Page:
If the number of news releases is anything to go by, Orbite Aluminae of Montreal is hands down the busiest mineral industry player in Canada. The company has made four major announcements in the past week alone. And since Orbite released the revised preliminary economic assessment on its smelter grade alumina (SGA) plant at the end of May, it has issued seven releases.
The company is keeping its investor relations department so busy because it has lots going on as it advances it Grande-Vallée alumina-rare earths project and has broken ground for a commercial processing facility.
Let’s take this chronologically:
May 31 – Filing of the revised PEA, mostly fine tuning. The report considered one scenario wherein alumina and hematite only are produced and a second scenario that would add oxides and rare earths to the output. The second plan is Orbit’s preferred choice as the project could recoup its $500-million investment in a year.
June 5 – Orbite launched its 2012 exploration drilling campaign at Grande-Vallée and announced it had filed a patent application for a process that will recover rare earths without first having to remove the alumina from the ore. That brought to 23 the number of patents the company has filed in nine countries, and it has been awarded three so far.
June 12 – The company noted that it has been added to two Standard & Poor’s indices, the Global Mining Index and the Global Base Metals Index. Orbite tooted its own horn a bit more when it revealed that it has been named a finalist in the Desjardins Entrepreneur Awards.
June 14 – Construction is underway to convert the pilot plant to a commercial high purity alumina (HPA) production plant in Cap-Chat, QC.
June 21 – Orbite announced that testing boosted recovery rates for rare earth oxides and rare earth metals 23% from the rates applied to the revised PEA of only three weeks earlier.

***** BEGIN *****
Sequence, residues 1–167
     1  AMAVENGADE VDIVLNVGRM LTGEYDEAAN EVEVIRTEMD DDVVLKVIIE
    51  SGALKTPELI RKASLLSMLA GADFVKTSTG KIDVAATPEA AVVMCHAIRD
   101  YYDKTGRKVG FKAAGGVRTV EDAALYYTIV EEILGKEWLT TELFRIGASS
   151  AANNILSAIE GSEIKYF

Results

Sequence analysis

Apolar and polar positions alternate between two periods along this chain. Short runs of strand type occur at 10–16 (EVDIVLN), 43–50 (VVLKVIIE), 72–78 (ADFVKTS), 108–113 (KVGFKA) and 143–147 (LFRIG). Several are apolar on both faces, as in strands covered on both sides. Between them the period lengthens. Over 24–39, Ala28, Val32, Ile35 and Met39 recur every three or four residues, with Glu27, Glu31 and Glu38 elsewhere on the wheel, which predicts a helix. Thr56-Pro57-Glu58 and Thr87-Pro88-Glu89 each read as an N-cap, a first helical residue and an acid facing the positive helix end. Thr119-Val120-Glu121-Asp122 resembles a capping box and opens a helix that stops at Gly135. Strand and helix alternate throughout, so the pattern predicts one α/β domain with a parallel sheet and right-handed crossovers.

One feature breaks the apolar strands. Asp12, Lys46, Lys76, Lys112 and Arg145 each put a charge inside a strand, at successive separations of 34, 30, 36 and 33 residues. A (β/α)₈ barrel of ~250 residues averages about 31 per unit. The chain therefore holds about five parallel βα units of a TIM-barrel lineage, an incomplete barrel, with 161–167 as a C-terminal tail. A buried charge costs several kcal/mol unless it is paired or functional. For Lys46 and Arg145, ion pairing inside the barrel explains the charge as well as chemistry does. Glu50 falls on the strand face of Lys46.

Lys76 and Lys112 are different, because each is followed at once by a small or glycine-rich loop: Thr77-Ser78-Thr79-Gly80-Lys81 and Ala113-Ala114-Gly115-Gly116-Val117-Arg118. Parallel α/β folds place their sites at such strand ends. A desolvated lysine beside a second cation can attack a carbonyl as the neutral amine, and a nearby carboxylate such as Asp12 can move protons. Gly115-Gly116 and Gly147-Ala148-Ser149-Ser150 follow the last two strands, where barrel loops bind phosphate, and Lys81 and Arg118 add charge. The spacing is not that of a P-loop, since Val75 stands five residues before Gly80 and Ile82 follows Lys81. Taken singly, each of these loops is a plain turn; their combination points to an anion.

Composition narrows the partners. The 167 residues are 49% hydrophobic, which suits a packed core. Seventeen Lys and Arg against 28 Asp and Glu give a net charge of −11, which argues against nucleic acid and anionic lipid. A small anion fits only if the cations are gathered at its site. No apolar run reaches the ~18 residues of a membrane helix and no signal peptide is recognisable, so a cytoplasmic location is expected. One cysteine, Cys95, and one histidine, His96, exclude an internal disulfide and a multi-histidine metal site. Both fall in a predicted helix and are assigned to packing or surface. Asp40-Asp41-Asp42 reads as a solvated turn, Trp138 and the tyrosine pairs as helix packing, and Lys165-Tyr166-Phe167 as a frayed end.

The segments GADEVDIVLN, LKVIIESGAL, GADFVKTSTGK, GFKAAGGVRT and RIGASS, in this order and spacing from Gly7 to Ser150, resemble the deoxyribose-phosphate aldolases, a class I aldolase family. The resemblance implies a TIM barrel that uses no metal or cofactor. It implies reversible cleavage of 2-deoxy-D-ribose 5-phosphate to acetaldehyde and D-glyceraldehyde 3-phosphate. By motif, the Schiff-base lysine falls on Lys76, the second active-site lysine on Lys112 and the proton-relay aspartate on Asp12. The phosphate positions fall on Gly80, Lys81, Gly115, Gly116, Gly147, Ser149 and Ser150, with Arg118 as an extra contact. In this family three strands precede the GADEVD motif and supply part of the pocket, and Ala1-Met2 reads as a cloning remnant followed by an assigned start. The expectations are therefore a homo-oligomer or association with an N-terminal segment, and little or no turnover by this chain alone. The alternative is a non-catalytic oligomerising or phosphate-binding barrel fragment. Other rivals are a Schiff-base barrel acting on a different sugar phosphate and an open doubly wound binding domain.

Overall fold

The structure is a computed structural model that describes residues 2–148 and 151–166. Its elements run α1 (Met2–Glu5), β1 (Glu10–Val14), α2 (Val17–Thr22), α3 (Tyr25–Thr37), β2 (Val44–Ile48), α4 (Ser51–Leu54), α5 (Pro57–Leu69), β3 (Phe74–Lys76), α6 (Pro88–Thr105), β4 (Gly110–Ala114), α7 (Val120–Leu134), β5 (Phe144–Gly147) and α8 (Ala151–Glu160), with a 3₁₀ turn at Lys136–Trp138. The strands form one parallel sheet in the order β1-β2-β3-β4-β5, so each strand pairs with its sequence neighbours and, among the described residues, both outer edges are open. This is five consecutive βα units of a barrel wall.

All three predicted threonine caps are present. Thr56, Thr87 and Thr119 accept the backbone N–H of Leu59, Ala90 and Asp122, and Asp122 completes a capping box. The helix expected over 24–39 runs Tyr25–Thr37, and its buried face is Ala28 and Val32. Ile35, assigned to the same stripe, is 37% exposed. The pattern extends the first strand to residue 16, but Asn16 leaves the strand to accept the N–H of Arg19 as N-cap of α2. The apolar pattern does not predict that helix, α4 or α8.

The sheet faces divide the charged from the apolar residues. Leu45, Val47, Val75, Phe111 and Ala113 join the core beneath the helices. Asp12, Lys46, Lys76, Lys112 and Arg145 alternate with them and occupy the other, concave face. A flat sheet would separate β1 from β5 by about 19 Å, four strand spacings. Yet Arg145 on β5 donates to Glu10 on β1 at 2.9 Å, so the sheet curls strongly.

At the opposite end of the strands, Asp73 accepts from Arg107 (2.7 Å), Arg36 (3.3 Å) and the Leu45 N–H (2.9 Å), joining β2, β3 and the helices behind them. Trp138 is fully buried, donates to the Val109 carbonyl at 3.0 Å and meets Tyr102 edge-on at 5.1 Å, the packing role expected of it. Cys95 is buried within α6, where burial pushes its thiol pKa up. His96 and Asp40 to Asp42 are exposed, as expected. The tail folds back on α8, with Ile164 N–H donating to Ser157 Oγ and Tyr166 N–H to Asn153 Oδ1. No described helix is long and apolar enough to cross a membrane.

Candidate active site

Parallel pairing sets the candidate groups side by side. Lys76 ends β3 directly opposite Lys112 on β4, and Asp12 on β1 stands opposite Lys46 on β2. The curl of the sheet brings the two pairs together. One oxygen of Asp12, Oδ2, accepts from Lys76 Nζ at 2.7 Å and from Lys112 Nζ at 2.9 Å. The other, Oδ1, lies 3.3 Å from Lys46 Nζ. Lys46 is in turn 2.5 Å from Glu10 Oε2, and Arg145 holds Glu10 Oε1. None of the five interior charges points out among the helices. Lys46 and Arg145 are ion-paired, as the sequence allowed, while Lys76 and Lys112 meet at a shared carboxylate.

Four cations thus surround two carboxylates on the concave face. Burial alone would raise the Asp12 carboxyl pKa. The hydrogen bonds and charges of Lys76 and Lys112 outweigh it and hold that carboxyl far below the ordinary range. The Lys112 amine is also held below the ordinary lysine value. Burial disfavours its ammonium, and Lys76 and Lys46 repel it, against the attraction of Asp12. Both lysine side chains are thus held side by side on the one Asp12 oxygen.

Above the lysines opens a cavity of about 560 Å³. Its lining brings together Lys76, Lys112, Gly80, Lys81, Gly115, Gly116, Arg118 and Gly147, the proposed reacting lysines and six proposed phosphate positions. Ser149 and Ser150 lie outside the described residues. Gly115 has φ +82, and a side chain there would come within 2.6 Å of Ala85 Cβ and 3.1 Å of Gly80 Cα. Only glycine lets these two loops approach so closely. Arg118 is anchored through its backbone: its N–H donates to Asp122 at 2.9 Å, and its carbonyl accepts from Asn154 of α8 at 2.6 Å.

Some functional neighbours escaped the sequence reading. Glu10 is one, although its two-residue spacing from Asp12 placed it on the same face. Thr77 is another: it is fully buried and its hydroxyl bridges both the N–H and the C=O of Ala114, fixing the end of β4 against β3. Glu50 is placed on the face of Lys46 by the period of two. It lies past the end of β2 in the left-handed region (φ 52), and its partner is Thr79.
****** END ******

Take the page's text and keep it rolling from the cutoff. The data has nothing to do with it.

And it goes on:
June 22 – The official ground breaking ceremony was held for the HPA plant. Among those attending the ceremony was Dr. Yves Bolduc, provincial minister of health and social services and minister responsible for the Gaspesie-Iles-de-la-Madeleine region and Bas-Saint-Laurent region.
June 26 – Orbite becomes the first successful company to separate heavy rare earth oxides from a North American shale clay deposit.
June 27 – Results from the company’s red mud remediation process are positive. Red mud residue is left after alumina has been extracted from bauxite using the Bayer process. Orbit also announce the signing of a memorandum of understanding with Asian giant Nalco in the hopes that the remediation process can be commercialized.
The aluminous clay deposit at Grande-Vallée is the natural feed source for the company’s cutting edge technologies, but it also plans to market its patented processes internationally. Orbite is actively pursuing patents and partnerships around the globe.
Orbite is clearly at the top of its game. One new plant (HPA) under construction and another (SGA) under study. Over $70 million